Hereditary Pancreatitis Is Caused by a Mutation in the Cationic Trypsinogen Gene

Nat Genet. 1996 Oct;14(2):141-5. doi: 10.1038/ng1096-141.

Abstract

Hereditary pancreatitis (HP) is a rare, early-onset genetic disorder characterized by epigastric pain and often more serious complications. We now report that an Arg-His substitution at residue 117 of the cationic trypsinogen gene is associated with the HP phenotype. This mutation was observed in all HP affected individuals and obligate carriers from five kindreds, but not in individuals who married into the families nor in 140 unrelated individuals. X-ray crystal structure analysis, molecular modelling, and protein digest data indicate that the Arg 117 residue is a trypsin-sensitive site. Cleavage at this site is probably part of a fail-safe mechanism by which trypsin, which is activated within the pancreas, may be inactivated; loss of this cleavage site would permit autodigestion resulting in pancreatitis.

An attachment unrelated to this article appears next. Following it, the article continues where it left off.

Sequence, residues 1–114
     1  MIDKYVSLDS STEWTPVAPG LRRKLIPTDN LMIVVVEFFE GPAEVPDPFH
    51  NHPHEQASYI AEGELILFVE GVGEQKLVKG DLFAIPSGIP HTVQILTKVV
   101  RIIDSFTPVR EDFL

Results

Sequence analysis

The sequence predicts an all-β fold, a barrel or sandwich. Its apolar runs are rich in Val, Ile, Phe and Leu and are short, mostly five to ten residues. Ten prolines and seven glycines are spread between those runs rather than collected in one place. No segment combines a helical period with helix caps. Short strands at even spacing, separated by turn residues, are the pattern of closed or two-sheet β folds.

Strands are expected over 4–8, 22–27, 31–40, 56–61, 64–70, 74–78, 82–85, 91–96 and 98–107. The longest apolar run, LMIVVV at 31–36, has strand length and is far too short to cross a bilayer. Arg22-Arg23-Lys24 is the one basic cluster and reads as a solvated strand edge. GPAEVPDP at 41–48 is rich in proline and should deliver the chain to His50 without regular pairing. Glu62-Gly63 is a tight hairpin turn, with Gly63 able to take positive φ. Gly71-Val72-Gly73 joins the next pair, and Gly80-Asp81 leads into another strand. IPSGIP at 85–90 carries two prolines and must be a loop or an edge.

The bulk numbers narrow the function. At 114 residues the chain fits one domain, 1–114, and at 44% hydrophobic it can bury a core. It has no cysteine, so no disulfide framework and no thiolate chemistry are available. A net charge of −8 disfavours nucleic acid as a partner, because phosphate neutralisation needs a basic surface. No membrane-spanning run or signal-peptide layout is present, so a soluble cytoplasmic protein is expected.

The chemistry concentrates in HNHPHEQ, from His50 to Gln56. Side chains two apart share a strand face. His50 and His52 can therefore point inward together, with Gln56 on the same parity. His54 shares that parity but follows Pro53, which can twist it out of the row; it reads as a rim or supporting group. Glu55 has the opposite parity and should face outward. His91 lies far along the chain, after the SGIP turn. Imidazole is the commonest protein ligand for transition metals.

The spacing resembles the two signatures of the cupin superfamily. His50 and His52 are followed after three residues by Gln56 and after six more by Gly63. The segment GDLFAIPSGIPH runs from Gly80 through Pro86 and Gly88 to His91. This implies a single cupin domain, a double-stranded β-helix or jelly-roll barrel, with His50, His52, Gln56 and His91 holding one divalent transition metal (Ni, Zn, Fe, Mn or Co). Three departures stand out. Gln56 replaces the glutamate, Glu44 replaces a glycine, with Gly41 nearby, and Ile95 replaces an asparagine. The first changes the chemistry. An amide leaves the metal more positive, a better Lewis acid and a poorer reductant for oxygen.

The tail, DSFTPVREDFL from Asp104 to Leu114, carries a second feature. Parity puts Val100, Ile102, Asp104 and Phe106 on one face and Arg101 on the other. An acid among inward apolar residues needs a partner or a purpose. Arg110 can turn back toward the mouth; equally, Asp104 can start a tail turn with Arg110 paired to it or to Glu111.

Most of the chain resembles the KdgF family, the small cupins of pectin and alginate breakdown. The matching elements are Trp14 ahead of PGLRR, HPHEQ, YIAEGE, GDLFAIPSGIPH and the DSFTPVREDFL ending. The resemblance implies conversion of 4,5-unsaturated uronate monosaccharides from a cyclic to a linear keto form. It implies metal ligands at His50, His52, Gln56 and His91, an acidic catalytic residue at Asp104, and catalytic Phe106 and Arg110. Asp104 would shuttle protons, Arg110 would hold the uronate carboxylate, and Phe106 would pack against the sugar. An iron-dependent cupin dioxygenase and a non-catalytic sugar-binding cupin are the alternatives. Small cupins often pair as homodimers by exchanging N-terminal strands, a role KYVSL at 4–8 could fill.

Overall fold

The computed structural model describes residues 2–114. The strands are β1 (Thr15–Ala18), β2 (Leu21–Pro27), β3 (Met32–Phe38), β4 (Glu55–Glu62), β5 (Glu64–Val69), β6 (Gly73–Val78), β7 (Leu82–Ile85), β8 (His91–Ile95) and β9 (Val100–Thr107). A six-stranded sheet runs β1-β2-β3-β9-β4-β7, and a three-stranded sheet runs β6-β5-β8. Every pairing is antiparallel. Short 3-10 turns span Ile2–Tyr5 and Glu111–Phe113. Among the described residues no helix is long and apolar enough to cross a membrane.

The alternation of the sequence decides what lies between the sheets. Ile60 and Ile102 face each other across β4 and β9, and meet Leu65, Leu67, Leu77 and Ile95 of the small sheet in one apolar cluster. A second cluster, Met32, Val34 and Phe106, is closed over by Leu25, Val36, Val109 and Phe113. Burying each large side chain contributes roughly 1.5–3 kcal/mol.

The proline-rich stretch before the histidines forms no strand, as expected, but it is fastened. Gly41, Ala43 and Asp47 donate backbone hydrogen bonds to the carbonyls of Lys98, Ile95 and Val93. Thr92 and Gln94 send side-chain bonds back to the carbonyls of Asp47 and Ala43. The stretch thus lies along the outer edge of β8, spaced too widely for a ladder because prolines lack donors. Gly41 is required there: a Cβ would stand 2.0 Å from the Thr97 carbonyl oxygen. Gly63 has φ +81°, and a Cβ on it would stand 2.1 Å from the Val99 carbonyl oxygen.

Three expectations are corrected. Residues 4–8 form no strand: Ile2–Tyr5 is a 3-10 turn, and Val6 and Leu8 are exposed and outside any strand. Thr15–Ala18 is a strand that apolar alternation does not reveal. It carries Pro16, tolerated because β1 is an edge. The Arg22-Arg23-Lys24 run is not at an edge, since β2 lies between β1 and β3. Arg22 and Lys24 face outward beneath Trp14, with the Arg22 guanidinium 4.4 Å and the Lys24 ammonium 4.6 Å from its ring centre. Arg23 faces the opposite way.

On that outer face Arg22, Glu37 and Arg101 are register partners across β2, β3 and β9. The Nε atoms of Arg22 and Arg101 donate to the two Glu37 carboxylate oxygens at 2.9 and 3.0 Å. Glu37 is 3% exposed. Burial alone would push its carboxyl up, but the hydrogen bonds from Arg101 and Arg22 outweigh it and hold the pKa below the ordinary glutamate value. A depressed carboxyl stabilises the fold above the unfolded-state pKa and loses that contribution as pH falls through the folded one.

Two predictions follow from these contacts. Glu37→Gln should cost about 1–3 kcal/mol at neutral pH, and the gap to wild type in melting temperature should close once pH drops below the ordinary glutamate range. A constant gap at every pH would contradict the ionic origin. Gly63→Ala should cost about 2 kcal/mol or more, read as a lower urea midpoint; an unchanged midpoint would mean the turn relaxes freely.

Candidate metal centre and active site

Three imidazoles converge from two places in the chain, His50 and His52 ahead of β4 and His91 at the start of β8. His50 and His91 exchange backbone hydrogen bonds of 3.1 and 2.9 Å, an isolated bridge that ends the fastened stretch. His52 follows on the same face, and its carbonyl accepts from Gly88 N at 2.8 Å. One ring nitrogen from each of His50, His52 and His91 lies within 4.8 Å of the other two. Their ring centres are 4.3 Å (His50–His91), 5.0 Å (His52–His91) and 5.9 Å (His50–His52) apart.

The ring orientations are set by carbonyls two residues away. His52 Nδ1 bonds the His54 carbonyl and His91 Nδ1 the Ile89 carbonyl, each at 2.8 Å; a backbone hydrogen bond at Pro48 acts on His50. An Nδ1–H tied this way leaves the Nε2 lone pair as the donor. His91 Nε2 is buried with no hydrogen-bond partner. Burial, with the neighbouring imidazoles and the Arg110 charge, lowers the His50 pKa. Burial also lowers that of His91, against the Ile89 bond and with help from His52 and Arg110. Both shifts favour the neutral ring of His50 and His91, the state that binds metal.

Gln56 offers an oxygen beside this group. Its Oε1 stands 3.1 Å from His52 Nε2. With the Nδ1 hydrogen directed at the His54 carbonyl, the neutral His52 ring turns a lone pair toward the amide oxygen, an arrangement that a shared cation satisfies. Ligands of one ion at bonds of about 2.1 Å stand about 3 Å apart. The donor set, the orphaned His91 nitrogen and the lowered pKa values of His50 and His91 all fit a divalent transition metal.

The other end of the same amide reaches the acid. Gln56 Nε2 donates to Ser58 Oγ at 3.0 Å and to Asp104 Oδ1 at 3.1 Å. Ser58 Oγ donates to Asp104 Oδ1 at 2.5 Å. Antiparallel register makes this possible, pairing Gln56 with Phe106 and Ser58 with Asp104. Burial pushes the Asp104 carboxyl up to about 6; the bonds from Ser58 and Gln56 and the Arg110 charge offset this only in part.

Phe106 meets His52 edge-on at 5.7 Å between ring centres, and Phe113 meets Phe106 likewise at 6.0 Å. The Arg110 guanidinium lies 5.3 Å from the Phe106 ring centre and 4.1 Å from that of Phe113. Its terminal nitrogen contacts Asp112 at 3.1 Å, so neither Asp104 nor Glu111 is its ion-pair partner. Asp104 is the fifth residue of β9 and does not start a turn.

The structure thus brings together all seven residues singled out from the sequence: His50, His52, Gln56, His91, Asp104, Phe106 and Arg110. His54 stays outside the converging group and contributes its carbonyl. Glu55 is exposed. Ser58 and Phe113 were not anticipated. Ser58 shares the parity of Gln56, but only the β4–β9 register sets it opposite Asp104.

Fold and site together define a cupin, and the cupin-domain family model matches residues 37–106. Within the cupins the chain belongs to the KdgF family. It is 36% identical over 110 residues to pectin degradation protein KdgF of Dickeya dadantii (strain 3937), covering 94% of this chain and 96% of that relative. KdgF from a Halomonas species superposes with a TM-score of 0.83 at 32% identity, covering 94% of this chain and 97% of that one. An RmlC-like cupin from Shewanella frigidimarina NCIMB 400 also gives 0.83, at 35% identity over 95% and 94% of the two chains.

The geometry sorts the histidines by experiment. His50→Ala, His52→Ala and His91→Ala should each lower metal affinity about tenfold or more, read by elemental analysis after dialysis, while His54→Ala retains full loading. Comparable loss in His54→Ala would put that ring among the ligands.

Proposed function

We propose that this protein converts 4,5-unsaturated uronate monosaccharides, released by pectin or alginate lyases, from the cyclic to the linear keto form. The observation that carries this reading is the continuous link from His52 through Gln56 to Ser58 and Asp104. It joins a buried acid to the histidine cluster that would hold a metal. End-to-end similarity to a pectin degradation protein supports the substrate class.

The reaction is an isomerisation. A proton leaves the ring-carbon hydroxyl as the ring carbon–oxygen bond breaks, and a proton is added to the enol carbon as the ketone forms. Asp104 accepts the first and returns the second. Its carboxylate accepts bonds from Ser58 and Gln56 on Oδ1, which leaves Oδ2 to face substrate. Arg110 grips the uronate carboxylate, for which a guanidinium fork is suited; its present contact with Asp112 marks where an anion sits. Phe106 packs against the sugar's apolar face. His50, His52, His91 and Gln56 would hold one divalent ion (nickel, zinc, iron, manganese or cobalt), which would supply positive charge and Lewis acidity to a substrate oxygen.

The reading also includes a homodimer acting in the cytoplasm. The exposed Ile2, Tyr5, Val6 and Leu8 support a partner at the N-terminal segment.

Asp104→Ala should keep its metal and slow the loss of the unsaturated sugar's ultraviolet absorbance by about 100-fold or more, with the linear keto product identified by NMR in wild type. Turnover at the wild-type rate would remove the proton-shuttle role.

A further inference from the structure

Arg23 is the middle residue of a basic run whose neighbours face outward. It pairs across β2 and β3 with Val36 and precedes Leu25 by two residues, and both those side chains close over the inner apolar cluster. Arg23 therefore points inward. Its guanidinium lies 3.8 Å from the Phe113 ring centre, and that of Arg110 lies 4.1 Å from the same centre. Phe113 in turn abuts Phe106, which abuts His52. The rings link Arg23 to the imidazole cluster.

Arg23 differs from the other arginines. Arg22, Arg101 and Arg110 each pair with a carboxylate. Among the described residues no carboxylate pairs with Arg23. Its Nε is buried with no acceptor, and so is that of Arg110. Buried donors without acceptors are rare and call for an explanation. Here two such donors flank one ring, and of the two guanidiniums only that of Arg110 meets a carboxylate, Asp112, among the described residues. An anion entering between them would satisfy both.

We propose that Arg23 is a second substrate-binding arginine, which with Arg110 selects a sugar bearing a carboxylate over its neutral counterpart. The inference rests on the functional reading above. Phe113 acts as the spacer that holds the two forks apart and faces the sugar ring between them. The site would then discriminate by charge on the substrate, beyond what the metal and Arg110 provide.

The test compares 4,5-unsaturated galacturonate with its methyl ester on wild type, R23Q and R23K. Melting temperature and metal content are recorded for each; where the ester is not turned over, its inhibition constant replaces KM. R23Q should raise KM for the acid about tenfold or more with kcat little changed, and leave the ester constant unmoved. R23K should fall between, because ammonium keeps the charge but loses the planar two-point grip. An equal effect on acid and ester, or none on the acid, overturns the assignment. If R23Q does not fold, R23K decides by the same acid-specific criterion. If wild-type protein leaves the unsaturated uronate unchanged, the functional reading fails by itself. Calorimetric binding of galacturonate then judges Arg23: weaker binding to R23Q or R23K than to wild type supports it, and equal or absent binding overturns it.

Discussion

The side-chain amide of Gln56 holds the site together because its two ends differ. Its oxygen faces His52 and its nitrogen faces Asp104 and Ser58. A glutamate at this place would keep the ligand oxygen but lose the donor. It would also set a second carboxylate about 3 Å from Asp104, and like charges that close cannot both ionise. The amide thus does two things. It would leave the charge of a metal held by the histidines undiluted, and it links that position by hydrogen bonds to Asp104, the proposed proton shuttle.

Publication types

  • Research Support, Non-U.S. Gov't
  • Research Support, U.S. Gov't, P.H.S.

MeSH terms

  • Arginine / physiology
  • Chromosomes, Human, Pair 7
  • DNA Mutational Analysis
  • Enzyme Activation
  • Exons / genetics
  • Female
  • Genes / genetics*
  • Heterozygote
  • Humans
  • Male
  • Models, Molecular
  • Pancreatitis / genetics*
  • Pedigree
  • Point Mutation / genetics*
  • Polymorphism, Restriction Fragment Length
  • Protein Conformation
  • Protein Structure, Tertiary
  • Trypsin / metabolism
  • Trypsinogen / chemistry
  • Trypsinogen / genetics*

Substances

  • Trypsinogen
  • Arginine
  • Trypsin

Associated data

  • GENBANK/U70137